Makinde, O. A., & Oyediran, K. A. AIDS Care (August 2014), E-publication ahead of print.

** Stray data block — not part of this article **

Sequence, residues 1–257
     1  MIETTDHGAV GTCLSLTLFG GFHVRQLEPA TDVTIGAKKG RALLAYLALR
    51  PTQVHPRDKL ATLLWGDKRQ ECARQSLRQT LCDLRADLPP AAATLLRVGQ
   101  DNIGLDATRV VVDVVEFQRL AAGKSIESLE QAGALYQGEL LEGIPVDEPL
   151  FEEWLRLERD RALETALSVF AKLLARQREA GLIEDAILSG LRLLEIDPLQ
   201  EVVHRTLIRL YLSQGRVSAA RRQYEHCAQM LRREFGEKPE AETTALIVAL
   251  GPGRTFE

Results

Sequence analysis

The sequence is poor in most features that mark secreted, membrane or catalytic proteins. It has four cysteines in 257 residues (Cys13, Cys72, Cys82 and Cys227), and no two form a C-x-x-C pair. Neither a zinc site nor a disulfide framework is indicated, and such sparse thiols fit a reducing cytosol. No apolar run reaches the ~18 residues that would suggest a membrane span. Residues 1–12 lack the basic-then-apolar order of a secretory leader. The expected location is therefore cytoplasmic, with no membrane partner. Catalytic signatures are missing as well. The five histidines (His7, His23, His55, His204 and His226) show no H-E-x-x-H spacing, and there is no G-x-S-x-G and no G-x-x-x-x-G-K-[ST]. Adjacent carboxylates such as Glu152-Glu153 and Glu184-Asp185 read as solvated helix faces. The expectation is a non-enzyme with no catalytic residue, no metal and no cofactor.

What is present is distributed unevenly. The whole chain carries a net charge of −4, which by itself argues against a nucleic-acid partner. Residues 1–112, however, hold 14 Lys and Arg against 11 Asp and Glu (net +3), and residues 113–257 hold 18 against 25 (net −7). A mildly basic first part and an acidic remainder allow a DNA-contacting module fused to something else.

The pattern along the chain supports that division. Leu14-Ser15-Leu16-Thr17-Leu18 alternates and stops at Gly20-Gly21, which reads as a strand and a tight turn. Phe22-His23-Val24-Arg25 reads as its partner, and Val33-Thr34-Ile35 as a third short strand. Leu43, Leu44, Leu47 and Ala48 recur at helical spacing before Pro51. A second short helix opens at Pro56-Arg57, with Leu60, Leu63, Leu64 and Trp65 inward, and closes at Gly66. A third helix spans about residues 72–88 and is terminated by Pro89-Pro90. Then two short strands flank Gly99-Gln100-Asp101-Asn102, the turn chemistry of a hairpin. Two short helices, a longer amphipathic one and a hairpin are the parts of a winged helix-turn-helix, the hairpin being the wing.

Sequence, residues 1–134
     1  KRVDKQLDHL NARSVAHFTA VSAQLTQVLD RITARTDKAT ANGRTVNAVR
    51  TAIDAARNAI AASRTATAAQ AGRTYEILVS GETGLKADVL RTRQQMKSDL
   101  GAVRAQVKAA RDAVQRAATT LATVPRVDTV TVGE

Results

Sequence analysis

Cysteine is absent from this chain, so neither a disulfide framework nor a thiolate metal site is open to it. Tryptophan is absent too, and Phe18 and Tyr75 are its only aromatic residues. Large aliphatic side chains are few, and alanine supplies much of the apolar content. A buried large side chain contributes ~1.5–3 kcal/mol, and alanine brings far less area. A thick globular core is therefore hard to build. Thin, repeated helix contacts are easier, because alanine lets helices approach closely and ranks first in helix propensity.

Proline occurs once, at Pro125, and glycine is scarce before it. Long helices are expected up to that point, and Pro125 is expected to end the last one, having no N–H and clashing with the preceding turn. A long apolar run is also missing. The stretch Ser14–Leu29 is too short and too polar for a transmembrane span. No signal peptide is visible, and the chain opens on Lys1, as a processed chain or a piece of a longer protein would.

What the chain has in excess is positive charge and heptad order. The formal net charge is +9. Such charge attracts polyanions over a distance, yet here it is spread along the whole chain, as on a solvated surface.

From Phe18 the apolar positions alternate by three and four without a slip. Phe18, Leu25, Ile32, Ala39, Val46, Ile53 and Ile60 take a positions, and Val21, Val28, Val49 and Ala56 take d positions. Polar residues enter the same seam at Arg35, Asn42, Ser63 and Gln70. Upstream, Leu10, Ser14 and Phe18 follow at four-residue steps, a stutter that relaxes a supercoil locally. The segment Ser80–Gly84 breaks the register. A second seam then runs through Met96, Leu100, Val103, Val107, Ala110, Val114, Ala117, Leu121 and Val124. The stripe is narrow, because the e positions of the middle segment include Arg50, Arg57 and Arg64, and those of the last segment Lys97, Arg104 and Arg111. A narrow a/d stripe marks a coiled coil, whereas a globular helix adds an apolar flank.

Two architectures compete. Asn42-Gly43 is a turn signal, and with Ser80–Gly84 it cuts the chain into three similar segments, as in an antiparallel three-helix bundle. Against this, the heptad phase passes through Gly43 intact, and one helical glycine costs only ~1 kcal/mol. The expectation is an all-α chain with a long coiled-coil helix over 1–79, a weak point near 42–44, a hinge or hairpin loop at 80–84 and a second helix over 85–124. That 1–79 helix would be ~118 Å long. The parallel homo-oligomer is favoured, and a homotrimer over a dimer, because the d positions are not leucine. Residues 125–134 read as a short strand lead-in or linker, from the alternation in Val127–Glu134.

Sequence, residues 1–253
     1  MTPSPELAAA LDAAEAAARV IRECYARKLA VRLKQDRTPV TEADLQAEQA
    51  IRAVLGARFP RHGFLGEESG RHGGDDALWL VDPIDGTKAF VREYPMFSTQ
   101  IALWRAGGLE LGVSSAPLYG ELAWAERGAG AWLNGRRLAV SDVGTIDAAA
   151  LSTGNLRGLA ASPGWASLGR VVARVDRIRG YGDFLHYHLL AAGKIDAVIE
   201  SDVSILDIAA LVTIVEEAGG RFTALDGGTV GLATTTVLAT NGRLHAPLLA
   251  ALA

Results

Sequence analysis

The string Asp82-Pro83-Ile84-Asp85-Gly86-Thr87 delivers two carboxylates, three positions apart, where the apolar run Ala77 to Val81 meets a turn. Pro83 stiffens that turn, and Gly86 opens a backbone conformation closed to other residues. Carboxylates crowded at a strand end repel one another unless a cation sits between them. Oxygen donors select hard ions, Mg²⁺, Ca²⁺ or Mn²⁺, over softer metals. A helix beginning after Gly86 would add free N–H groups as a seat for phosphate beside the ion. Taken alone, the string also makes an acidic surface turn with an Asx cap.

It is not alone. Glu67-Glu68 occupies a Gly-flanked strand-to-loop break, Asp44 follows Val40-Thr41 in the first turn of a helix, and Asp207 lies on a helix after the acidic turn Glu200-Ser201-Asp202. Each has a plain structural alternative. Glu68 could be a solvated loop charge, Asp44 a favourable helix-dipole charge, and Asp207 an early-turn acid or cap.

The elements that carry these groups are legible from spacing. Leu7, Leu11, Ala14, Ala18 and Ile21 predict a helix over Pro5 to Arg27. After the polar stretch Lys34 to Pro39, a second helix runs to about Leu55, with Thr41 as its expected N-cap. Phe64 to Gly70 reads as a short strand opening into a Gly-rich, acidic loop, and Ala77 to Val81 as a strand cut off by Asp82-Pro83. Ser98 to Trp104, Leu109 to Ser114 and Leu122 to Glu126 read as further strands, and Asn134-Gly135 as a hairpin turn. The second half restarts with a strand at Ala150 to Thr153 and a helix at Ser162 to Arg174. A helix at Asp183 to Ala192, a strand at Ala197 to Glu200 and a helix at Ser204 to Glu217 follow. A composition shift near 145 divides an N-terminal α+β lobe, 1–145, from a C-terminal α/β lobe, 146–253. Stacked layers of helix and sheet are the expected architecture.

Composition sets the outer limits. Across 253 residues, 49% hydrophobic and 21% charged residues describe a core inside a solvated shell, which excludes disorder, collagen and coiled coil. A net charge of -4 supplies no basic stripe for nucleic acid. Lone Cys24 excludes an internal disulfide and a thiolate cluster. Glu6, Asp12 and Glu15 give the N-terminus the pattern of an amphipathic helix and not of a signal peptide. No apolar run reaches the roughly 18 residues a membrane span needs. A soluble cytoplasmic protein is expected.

The authors of this article described the advantages of routinely collecting HIV prevalence data generated during routine HIV testing and counseling (HTC) and routine prevention of mother-to-child transmission (PMTCT). This model would utilize information and communications technology, the Internet, and the mobile telephone system to connect HTC and PMTCT centers to a national database. Data from the national database archive could then be analyzed to determine HIV prevalence, but also to identify predominant risk factors in specific geographic locations. Geographic risks would be assessed by aggregating all sites providing HTC and PMTCT services enrolled into the system, using specific geographic identifier data as a unit of analysis. This would facilitate the design of intervention programs to target the behavioral or other risk factors for that area. The authors noted the challenges associated with collecting data through HTC and PMTCT surveillance systems, including the absence of a standardized process for collecting data and incorporating it into data management systems. Technical challenges, such as power outages and Internet connectivity, as well as non-technical challenges, such as lack of political will, poor technical support, and lack of funding, could also stymie implementation of this approach. Challenges notwithstanding, the expansion would allow access to data from a larger and more diverse cadre of respondents, compared to the sentinel surveillance data that is presently being derived from antenatal clinics.